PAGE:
If Qatar has all but lost its case in the eye of the public, it has done little to counter questions left unanswered by The Sunday Times revelations. Those revelations appear to provide further documentation of partly previously disclosed corruption and conflict of interest in the governance of world football as well as of Bin Hammam’s dubious financial dealings and management of both the AFC and FIFA’s football development Goal Program that is designed to fund projects of the group’s member associations.
The Sunday Times asserts that multiple payments it has documented are related to the Qatari bid, some of which were already referenced in an internal audit of the AFC’s finances two years ago that provided the grist for Bin Hammam’s downfall.
Extracts of emails published by the British paper do appear to establish a relationship between Bin Hammam and the Qatari bid committee. In some cases, the effort to influence the vote in favor of Qatar seems plausible. Nevertheless, one still will have to prove that the African football officials were in a position and succeeded in dictating the votes of African members of the FIFA executive committee. The statutes of the Confederation of African Football (CAF) do not suggest that its FIFA executive committee members are obliged to follow CAF instructions.
At the same time, the purpose of other payments disclosed by The Sunday Times may have been related to Bin Hammam’s bid to challenge FIFA President Sepp Blatter in the group’s 2011 presidential election. Bin Hammam was forced to withdraw his candidacy after he was initially suspended by FIFA on charges of trying to buy the votes of Caribbean football officials. While some of the emails from African officials who benefitted from Bin Hammam’s funding make explicit reference to Qatar’s World Cup bid, others appear to be supportive of Bin Hammam himself at a time that he was preparing for his attempt to wrest the FIFA presidency from Blatter.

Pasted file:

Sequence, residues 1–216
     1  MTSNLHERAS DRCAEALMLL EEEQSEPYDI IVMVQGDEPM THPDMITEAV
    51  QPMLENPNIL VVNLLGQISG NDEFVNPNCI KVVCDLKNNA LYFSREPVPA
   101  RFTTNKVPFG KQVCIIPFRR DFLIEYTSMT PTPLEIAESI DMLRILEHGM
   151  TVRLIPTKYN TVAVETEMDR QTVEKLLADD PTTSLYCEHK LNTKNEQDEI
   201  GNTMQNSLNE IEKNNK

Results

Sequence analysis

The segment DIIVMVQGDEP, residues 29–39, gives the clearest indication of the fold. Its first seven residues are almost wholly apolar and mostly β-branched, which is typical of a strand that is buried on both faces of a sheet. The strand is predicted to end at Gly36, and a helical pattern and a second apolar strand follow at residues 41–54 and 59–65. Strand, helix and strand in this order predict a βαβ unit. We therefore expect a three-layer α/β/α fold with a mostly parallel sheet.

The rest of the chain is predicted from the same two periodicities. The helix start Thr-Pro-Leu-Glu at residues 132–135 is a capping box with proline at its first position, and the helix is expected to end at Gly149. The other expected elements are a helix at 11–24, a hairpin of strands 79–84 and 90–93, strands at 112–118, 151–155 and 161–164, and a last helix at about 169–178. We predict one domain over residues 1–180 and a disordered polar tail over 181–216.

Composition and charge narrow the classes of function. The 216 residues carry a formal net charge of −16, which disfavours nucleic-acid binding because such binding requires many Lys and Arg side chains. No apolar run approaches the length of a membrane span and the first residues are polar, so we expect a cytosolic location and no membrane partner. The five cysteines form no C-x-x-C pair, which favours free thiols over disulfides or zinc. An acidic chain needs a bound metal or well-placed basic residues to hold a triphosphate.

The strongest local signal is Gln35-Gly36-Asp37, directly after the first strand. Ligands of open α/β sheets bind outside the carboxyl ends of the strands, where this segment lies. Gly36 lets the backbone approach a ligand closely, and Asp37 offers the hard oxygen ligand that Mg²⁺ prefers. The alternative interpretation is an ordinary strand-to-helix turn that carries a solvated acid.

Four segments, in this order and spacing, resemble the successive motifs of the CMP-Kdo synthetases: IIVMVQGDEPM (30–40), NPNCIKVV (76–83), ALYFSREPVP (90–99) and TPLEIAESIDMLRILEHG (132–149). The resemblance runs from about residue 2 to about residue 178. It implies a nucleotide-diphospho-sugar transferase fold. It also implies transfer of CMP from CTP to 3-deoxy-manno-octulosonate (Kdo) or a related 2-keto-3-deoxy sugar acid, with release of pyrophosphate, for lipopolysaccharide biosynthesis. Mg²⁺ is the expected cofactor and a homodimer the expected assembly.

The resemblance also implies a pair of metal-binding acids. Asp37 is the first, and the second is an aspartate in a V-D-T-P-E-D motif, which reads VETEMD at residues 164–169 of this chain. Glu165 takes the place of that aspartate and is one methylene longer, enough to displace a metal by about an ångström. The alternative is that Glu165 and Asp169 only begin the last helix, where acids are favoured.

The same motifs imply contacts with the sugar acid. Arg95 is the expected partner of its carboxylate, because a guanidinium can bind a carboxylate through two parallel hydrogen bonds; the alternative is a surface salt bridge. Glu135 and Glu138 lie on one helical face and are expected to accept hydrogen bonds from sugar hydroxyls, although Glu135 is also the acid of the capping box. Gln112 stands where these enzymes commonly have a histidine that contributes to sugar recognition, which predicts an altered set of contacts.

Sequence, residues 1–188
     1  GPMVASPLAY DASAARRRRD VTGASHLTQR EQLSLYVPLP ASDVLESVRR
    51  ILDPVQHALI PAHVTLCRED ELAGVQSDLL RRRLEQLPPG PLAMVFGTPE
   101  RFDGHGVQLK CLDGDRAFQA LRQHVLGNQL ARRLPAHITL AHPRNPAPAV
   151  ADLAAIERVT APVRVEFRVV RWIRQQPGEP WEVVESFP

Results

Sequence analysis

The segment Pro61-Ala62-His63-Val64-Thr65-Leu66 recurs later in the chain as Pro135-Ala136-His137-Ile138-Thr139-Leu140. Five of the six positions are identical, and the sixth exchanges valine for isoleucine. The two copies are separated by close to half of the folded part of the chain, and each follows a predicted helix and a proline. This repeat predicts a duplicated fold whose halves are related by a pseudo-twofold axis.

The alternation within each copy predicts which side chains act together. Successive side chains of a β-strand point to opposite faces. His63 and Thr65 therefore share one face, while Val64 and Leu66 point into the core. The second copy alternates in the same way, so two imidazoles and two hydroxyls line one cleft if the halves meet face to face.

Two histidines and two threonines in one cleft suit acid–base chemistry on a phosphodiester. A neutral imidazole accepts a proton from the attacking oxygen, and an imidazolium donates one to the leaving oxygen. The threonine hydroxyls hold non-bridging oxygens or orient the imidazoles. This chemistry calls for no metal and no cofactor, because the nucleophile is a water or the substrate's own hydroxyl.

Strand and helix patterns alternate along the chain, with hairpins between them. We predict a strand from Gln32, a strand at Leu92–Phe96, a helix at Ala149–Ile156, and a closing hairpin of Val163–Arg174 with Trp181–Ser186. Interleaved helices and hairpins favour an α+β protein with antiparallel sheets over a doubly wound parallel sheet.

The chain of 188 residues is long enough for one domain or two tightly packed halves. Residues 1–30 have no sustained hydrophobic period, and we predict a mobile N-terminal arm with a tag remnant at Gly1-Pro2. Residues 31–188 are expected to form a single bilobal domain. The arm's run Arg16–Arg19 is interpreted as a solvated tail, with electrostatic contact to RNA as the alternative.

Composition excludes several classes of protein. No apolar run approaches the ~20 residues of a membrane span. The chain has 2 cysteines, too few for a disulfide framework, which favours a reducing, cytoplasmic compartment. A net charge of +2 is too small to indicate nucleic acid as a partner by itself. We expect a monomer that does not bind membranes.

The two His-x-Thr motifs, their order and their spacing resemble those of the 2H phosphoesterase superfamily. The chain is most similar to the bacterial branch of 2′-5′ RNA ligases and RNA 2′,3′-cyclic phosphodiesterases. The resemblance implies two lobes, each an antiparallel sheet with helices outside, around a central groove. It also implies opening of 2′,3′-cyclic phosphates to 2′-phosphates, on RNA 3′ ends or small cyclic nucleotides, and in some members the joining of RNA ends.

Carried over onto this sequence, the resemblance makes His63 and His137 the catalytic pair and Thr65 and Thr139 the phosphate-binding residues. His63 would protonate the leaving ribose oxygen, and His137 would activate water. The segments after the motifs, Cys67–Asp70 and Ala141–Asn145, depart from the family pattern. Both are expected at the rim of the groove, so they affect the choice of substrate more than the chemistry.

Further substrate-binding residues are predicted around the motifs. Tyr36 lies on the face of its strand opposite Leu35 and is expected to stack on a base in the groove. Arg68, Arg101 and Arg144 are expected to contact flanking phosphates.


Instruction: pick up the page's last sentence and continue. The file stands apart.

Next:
The distinction between Qatar’s World Cup and Bin Hammam’s presidential bid is blurred by The Sunday Times’ report that the multi-millionaire used slush funds controlled by his company rather than by either the Qatari committee, FIFA or the AFC. The issue becomes even murkier with Bin Hammam being alleged to have been Blatter’s bag man in earlier FIFA elections.
Qatari officials have repeatedly suggested that they were opposed to Bin Hammam’s candidacy because they feared that Qatar’s winning of the hosting rights coupled with control of FIFA might be too much for the global football community to accept. The officials, however, never provided evidence of their assertion.
If Qatar is in the hot seat, FIFA appears about to join it. Independent FIFA investigator Michael Garcia has suggested that he will not take The Sunday Times files into consideration in drawing conclusions from his probe. On the assumption of innocent until proven guilty, it is Qatar’s interest to have its name cleared beyond doubt. In FIFA’s case, Garcia’s decision reinforces a widespread impression that the group is run by an old-boy network that unsuccessfully tries to maintain a façade of transparency and accountability but in effect is determined to preserve its old ways which over the last four years have produced one scandal after the other.